A Christmas baking recap.

I love the holidays. But at the same time they can be challenging. Last week I set off for home with a twinkle in my eye about the four days of rest, relaxation, cocktail parties, presents and time with family I was going to enjoy. In truth, I didn’t sit down for four days.

My Christmas vacation was full of said parties, gifts and family but also a blur of errands, baking and post-Christmas shopping. (Have to stock up on wrapping paper and bows for next year! Even if it’s snowing!) Weirdly enough, it did snow … at Hilton Head Island of all places. That’s especially rare since most years I’m wearing short sleeves on Christmas Day in 70s-degree weather while grumbling about how it needs to be colder. I got my wish this year.

Anyhoo, about the baking. I crossed off a few culinary challenges from my list and added some new items to my repertoire, including:

  • my first-ever cheese ball: cream cheese, onion, green pepper, pineapple, rolled in almonds. It was much easier than I expected, and it tastes better than it sounds.
  • Pioneer Woman’s cinnamon rolls, which I made for all the families on Christmas morning. Deee-lish.
  • Benne cookies, using a “Joy of Cooking” recipe that I tweaked
  • another round of Scottish shortbread
  • Cranberry-orange relish, at my grandmother’s request

I also made another batch of Giada’s limoncello for my aunts. There’s a story there, but let’s just suffice it to say that they enjoy it. There were screams around the table when they opened those gifts, which I hope someone captured on video. If you’re going to make this limoncello, use 100-proof vodka — it pulls out more lemon flavor, apparently.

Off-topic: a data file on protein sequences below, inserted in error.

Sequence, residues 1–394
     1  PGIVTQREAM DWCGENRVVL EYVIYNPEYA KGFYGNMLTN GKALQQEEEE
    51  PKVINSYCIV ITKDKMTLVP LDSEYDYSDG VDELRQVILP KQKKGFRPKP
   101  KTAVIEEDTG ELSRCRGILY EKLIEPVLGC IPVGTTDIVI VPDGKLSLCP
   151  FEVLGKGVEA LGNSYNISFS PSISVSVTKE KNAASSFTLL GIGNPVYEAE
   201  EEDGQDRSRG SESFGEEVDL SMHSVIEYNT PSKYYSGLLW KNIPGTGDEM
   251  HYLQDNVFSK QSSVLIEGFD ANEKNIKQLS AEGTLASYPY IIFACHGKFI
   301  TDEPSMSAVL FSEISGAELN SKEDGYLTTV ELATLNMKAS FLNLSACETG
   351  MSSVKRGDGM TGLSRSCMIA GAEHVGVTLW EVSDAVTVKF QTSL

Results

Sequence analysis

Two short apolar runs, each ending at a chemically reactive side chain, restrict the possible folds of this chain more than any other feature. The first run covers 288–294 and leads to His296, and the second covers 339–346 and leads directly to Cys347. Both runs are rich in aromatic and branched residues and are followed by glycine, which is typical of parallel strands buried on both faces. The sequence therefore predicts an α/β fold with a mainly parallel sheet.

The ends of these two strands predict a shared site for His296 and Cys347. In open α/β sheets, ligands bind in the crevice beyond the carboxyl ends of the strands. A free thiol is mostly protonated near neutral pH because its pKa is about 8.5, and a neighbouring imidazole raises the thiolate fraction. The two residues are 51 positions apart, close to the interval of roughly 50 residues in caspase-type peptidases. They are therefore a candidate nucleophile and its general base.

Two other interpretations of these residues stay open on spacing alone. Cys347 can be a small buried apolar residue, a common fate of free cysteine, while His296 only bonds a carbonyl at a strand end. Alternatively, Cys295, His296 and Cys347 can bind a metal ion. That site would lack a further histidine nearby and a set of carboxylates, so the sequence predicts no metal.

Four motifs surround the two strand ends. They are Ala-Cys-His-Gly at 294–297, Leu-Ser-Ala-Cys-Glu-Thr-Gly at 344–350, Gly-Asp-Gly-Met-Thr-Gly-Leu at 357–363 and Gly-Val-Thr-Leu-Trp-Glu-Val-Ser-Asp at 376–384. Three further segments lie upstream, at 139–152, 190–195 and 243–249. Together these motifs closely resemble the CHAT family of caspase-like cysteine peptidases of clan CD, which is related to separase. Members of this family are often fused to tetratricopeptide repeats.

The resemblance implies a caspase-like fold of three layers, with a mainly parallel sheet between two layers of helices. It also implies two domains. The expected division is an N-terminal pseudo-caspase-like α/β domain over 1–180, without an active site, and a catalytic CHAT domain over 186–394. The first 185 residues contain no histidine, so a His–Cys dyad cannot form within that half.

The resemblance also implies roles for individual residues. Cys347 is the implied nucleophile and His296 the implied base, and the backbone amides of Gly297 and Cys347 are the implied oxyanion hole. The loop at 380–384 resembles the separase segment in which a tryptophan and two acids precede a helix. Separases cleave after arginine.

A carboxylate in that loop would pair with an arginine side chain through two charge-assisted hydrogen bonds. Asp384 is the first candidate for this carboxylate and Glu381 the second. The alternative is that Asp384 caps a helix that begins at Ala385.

Every family has food rituals and dishes that just make the holidays. One of ours is my mother’s pound cake. She made two this year, but somehow I neglected to come home with any leftovers. Hmph.

Last year I discovered a recipe that I was sure would become a tradition. It was a hit, but I didn’t make it this year since our sweets table was already buckling under the weight of too much dessert. My aunt bought a similar, frozen Cheesecake Factory cake this time, but my cousin said he thought my cake was better. So, perhaps it will be resurrected next year. In the meantime, here’s the recipe if you feel inspired to try it out:

Red velvet-white chocolate cheesecake

Our red velvet-white chocolate cheesecake during Christmas 2009.

Beware, the word ‘decadent’ was likely invented because of this cake. But it’s easy to make, and neither the cake nor icing are too sweet, so your mouth won’t pucker and you won’t feel the need to convulse from the sugar high. It’s a perfect balance.

Tell me, what did you bake/cook/eat over the holidays?


3 thoughts on “A Christmas baking recap.

  1. Mmmmm. It all sounds fabulous. I did more entree than dessert baking, and am lasagna-d out for the near future as a result But I did make monkey bread for Christmas morning. Easy. Sinful. Gooey. Anything involving the corruption of a crescent roll is aces in my book.

    • Ooh, monkey bread! That’s on my list! I’d actually never heard of it (much less tasted) until I saw it online recently. Sinful, indeed. This year we had dinner at my aunt’s house, hence the dessert and sides preparation. I think my mom/grandmother’s years of hosting are done.

  2. Heather says:

    Monkey bread is actually something I CAN make (Believe it or not). It’s super good. Any who, F. and I made Peanut butter balls, which we still have millions of at our house. They can be frozen for a while, so I think we’ll be eating them until St. Patty’s Day. 🙂

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